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Publication numberUS4042192 A
Publication typeGrant
Application numberUS 05/707,770
Publication dateAug 16, 1977
Filing dateJul 19, 1976
Priority dateJul 19, 1976
Publication number05707770, 707770, US 4042192 A, US 4042192A, US-A-4042192, US4042192 A, US4042192A
InventorsForrest L. Walter
Original AssigneeWalter Forrest L
Export CitationBiBTeX, EndNote, RefMan
External Links: USPTO, USPTO Assignment, Espacenet
Balloon with deflation and maneuvering ports
US 4042192 A
A hot air balloon with an adjustable deflation port at its upper end and a maneuvering port on a side region which allows both ports to be selectively opened and closed on the ground and during flight such that positive control of such ports exist by the operator of the balloon in the basket.
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I claim as my invention:
1. A balloon having an envelope and a basket with a deflation port formed in said envelope comprising an opening formed in said envelope, a deflation panel attached to said envelope to cover said opening, a line attached to said deflation panel and extending to said basket so as to selectively allow said deflation panel to move relative to said opening to cover it by varying amounts, wherein said opening in said envelope is circular and is formed in an upper portion thereof, wherein said deflation panel is cylindrical in shape and has its lower edge connected to said envelope about said opening and said line is engageable with the upper edge of said cylindrical deflation panel and is arranged to open and close it, wherein said upper edge of said cylindrical deflation panel is formed with a plurality of spaced opening through which said line extends so as to open it and close it like a draw string, comprising a plurality of pulleys attached to said balloon so as to guide said line, wherein said plurality of spaced openings are formed by rings attached about said upper edge of said cylindrical deflation panel, and wherein a holding member is connected to said line and second and third lines extending downwardly from said holding member such that said second line is attached to said balloon where it is available for manual operation, and an automatic disconnect connected to said third line and operable from said basket.
2. A balloon according to claim 1 wherein said automatic disconnect comprises a pull pin for releasing said third line.
3. A balloon having an envelope and a basket with a deflation port formed in said envelope comprising a circular opening formed in the upper portion of said envelope, a deflation panel of generally cylindrical shape with its lower edge attached to said envelope about said circular opening, a plurality of first rings attached to said deflation panel about its upper edge, a second ring firmly attached to said deflation panel, first and second flexible cords with first ends attached to said second ring and extending in opposite direction through said plurality of first rings to the side of said opening opposite said second ring, a pair of pulleys attached to said deflation panel at the upper edge thereof, opposite said second ring and said first and second flexible cords passing therethrough, means joining the second ends of said first and second flexible cords below said pair of pulleys, and a third cord with a first end attached to said means joining said first and second flexible cords and extending down to said basket, and means for detachable connecting the second end of said third cord to said basket.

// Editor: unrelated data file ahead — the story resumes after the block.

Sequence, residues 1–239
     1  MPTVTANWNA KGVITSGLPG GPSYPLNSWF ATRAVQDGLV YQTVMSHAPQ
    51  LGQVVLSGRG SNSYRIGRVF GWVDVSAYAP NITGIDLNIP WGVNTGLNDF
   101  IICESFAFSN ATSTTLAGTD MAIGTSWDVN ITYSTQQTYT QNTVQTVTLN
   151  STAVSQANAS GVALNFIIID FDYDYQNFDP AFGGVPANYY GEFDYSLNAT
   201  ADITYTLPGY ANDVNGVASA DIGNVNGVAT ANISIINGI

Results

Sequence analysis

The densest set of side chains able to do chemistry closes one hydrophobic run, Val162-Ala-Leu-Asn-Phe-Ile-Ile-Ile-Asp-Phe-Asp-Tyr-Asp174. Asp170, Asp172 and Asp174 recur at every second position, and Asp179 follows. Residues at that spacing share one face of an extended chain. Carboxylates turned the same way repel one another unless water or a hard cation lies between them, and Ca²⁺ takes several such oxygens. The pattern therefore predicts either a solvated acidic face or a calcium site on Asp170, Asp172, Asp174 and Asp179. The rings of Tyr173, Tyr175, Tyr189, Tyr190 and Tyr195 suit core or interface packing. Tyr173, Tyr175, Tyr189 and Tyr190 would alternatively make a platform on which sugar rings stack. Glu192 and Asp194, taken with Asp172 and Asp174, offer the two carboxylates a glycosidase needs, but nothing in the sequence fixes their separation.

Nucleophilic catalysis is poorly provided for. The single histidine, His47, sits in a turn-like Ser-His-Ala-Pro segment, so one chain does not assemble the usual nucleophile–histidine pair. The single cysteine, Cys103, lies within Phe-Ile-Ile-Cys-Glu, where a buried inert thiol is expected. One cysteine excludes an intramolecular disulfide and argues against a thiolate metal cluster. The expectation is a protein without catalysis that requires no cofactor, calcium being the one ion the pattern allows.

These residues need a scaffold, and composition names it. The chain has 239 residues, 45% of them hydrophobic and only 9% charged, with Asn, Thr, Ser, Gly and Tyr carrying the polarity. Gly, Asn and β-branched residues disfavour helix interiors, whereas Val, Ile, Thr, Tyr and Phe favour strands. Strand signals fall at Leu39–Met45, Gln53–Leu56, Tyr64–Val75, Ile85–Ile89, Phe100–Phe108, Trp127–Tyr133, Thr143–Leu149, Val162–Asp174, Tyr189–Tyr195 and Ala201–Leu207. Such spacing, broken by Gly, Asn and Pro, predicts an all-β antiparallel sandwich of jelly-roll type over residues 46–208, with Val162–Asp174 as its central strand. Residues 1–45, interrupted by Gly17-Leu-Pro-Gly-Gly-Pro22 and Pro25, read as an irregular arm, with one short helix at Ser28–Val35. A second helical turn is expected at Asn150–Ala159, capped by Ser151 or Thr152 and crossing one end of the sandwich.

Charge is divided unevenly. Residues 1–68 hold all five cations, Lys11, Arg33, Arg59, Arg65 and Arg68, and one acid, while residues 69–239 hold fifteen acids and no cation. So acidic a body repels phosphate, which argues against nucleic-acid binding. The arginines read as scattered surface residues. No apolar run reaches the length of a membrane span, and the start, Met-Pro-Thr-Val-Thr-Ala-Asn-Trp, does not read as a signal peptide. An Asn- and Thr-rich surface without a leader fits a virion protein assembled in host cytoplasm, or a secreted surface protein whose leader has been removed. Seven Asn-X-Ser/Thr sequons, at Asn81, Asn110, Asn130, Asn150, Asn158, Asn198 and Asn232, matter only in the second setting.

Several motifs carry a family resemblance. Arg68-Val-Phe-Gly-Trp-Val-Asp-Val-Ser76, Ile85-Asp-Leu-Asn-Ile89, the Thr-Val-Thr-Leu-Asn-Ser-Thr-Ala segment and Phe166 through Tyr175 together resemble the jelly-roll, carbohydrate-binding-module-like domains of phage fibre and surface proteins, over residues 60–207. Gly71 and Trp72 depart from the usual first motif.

1. Field of the Invention

This invention relates in general to hot air balloons and in particular to an improved balloon having adjustable deflation and maneuvering ports.

2. Description of the Prior Art

As hot air balloons have become more and more popular, they have been constructed with heaters beneath their lower opening so as to heat the air within the balloon envelope. It is necessary and desirable when the balloon lands to rapidly deflate the balloon so that the envelope will rapidly collapse thus preventing it from being blown across the ground by the wind. It is also desirable to have a maneuvering port on a side panel of the balloon for maneuvering the craft while in the air.

Prior art deflation ports have provided detachable panels which once released so as to deflate or maneuver the balloon cannot subsequently be closed in flight and thus if the deflation port accidentally is opened during flight the balloon may collapse and descend at dangerous and fatal velocities.

Deflation ports of the prior art have occasionally opened accidentally while in flight resulting in casualties to the pastures in the balloon.